“The Tollbooth” opened this week, an independent film starring Tovah Feldshuh. And while it is garnering mixed reviews, the film promotes one particular stereotype that demands our attention. Like so many movies these days there is an underlying storyline about a Jew becoming romantically involved with a non-Jew. In the case of “The Tollbooth,” it is a reaction to and rejection of the Jewish family values that are portrayed in the film. It is what we call an “intentional” intermarriage. But it just ain’t so. Most of the time, the majority of the time, Jews meet non-Jews — at school, in the workplace, in social environments — fall in love and get married. It is as simple as that. Nothing less, nothing more. Jews aren’t necessarily “marrying out” any more than non-Jews are “marrying in.” These days, choosing ones spouse does not require a choice between entering or leaving a community. It is time to once again change the prevailing notion before it becomes another urban myth.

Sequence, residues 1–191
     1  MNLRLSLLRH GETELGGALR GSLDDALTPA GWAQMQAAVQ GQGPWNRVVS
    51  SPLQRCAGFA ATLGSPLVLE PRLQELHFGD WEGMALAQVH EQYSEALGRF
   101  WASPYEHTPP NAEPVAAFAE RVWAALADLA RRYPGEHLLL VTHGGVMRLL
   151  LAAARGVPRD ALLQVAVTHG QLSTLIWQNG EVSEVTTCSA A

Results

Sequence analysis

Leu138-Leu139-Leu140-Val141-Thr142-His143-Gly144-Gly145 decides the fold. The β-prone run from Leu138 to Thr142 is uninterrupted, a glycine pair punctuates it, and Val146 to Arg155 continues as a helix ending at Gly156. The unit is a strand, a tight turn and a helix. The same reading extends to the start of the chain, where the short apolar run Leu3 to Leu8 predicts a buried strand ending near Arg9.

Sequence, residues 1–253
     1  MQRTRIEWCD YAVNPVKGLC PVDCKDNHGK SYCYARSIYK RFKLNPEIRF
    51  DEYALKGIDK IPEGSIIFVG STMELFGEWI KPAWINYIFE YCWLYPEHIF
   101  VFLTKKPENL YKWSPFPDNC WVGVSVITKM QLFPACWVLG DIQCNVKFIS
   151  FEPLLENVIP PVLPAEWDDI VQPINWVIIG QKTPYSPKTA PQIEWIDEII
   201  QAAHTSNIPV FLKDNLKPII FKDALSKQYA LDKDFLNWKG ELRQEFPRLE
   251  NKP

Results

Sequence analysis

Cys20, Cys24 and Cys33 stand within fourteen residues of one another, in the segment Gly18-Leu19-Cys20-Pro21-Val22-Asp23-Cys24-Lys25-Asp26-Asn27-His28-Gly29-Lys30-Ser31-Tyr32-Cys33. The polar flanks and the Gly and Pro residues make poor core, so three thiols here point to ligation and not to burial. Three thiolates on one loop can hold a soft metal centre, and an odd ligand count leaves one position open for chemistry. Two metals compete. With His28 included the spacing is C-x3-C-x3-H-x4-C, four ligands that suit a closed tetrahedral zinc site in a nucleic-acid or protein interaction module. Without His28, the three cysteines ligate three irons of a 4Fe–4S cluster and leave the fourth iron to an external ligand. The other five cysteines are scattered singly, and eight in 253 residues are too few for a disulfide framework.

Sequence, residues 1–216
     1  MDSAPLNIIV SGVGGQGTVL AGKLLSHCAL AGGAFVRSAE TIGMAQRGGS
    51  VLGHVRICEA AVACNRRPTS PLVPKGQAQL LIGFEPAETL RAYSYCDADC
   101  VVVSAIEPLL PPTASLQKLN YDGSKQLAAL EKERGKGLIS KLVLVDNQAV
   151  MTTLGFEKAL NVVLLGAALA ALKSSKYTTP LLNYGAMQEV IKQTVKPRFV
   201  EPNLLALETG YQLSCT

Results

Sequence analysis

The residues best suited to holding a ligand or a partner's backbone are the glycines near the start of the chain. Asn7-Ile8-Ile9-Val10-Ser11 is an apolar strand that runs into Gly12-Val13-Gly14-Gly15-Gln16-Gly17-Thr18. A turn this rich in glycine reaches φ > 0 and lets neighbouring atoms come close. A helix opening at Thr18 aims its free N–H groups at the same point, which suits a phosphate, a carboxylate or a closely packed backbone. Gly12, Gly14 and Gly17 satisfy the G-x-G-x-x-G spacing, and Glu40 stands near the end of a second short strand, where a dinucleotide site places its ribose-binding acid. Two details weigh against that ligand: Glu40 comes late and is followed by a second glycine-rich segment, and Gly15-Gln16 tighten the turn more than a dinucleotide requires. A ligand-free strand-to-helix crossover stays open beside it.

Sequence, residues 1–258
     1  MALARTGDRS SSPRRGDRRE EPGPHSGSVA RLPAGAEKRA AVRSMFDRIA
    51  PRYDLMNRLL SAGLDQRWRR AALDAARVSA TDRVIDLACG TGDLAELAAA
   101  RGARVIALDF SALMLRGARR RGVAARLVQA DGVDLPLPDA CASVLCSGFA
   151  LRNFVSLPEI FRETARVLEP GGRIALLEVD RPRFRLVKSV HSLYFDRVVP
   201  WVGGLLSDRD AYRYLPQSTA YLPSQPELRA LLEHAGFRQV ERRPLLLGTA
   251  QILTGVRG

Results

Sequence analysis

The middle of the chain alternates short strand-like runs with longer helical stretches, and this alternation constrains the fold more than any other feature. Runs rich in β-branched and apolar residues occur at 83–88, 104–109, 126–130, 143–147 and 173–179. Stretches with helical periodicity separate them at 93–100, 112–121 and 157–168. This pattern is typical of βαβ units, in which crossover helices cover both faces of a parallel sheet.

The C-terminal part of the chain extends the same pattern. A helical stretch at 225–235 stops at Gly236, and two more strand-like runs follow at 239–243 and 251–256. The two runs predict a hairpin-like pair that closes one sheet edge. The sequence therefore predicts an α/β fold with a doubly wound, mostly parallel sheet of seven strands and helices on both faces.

Right before the Rolling Stones half-time show during tonight’s Super Bowl XL in Detroit, a commercial ran in which a sweet young daughter tells her father, “Daddy, we’re going to hell.”
Surprised, the father asks why.
“Because we’re Jews.”
Who said that, he demands!
Turns out, one of the subplots of the new ABC mid-season replacement sitcoms, “Sons & Daughters,” involves a Jewish intermarriage, and the last shot of the commercial shows the aunt who had suggested the kids were going to hell, asleep on the couch with a Hitler mustache drawn onto her face in permanent marker as the kids high-five each other.
Though it’s no longer a surprise, it’s still amazing to continue to see both the mainstreaming of Judaism and the mainstreaming of Jewish intermarriage — and it’s probably no coincidence that those go hand-in-hand. For only 2.5% of the American population, Jews remain a topic of great interest in this country, and apparently one that is much more comfortable to “welcome into our living rooms” and even good-naturedly joke about than it ever was before.